The Association for the Study of African American Life and History (ASALH) will host a series of events as part of its Third Annual Black History Month Festival this year.
The theme for this year is Black resistance.
“Black Resistance has taken many forms throughout history. As the late Congressman John Lewis advised, ‘Never, ever be afraid to make some noise and get in good trouble, necessary trouble,’” said ASALH officials.
Throughout February, events will take place both in-person in Washington D.C. and virtually on the association’s YouTube channel. The festival will discuss “Black Resistance” in a variety of matters, such as the arts, public history, African American music, the Black press, and the Black church.
On Feb. 1, there will be a discussion on aspects of Black resistance with Drs. Martha Biondi and Keeanga-Yamahtta Taylor and Dr. Charisse Burden-Stelly of Wayne State University.
Then on Feb. 7, there will be a panel highlighting some contributors to the book, Black Lives Matter & Music: Protest, Intervention, Reflection, who will lead a discussion on the power of Black music in the struggle for freedom and liberation. This event will have former ASALH President Dr. John Fleming and Dr. Portia Maultsby, an ethnomusicologist of Indiana University, take part.
Feb. 22 will feature a virtual marquee event with a discussion with Dr. Lonnie G. Bunch, III, 14th Secretary of the Smithsonian Institution, and Dr. Gloria Browne-Marshall, author of She Took Justice: The Black Woman, Law, and Power – 1619 to 1969.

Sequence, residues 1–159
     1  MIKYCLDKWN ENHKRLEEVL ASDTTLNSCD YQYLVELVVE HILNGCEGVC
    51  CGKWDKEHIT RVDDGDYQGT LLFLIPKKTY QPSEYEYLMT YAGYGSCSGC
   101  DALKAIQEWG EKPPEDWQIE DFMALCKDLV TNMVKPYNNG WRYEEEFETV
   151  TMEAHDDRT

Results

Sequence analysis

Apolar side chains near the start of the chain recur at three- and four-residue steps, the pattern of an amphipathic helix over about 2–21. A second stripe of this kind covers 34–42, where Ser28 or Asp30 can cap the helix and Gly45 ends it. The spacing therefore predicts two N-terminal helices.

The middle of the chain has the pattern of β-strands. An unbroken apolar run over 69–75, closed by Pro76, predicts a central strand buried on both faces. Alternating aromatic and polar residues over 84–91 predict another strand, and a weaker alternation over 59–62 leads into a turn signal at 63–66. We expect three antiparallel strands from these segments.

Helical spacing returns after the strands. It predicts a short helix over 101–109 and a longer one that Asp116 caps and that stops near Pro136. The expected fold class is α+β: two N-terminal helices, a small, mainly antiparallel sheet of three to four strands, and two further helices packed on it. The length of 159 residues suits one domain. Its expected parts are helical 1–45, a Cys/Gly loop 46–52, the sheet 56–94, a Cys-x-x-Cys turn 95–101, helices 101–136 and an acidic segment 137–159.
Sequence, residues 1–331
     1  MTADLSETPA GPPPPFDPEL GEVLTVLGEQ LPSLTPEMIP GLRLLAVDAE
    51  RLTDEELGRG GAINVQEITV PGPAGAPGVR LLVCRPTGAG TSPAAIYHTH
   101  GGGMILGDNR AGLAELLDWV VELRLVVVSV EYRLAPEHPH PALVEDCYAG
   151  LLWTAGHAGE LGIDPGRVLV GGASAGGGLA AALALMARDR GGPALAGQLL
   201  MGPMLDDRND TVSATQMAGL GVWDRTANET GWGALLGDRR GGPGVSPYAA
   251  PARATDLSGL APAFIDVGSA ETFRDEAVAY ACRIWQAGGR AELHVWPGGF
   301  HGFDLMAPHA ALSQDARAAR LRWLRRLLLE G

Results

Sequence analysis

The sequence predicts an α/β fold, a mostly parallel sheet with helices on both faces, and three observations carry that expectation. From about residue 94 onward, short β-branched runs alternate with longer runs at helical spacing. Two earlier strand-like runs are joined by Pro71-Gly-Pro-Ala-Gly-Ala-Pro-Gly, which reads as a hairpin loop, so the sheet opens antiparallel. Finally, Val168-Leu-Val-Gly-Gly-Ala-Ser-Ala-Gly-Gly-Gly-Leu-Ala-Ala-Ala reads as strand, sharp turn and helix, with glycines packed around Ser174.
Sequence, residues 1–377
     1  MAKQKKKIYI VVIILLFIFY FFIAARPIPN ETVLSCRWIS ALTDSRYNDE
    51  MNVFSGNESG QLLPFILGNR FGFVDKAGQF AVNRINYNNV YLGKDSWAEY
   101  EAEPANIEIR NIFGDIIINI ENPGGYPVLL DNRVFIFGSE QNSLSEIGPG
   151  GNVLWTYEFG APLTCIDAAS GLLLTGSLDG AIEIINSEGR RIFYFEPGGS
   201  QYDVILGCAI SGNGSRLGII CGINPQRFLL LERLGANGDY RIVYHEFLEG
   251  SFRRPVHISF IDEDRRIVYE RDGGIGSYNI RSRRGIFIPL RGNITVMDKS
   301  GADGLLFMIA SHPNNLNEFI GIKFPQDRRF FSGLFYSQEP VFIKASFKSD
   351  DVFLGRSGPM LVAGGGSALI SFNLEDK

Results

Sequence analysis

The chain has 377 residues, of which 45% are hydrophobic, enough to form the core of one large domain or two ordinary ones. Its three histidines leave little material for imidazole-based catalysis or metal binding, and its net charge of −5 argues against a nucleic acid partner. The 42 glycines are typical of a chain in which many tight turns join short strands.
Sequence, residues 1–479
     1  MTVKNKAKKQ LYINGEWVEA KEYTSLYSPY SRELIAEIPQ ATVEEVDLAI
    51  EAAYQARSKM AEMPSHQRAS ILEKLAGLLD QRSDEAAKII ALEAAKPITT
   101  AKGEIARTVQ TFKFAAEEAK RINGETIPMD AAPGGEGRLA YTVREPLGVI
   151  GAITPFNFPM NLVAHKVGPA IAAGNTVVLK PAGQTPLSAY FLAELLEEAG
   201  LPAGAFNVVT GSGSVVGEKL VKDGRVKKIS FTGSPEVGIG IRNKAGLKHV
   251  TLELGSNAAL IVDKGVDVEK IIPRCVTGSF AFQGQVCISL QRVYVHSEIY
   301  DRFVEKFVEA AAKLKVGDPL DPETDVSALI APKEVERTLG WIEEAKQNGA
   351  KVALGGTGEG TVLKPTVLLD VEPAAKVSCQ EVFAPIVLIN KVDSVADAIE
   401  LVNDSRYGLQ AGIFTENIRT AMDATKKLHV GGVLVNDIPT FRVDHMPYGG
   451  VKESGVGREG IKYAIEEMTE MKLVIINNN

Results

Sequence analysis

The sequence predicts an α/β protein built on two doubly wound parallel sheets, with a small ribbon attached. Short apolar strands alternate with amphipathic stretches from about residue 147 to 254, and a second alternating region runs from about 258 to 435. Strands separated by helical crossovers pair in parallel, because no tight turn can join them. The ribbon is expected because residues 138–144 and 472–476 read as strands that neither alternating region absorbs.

A panel on Feb. 23 will focus on “soldiers without swords”—the Black Press—who used journalism to oppose racial oppression. Media outlets such as The Washington Informer, The AFRO, AllAfrica.com, and The Amsterdam News will participate in a discussion on the role that the Black press has played in Black Resistance.
The festival will close out with an in-person matinee featuring the new play “Campaign 72,” on Feb. 25, at the Town Hall Education Arts Recreation Campus (THEARC), followed by a post-show panel discussion. The play is based on the life of Shirley Chisholm, who became the first Black woman to run a major campaign for president in 1972.
Virtual events will include panels, discussions, author book talks, a workshop, and announcement of the winner of the 2023 ASALH Annual Book Prize. And the Carter G. Woodson House will celebrate its public reopening this month as well.